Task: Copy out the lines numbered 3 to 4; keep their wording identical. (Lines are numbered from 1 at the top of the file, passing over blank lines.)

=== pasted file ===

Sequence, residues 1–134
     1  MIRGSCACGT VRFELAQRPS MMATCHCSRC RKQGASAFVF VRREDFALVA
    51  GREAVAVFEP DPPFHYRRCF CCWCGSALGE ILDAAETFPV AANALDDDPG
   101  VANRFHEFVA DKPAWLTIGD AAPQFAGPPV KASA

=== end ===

    51  GREAVAVFEP DPPFHYRRCF CCWCGSALGE ILDAAETFPV AANALDDDPG
   101  VANRFHEFVA DKPAWLTIGD AAPQFAGPPV KASA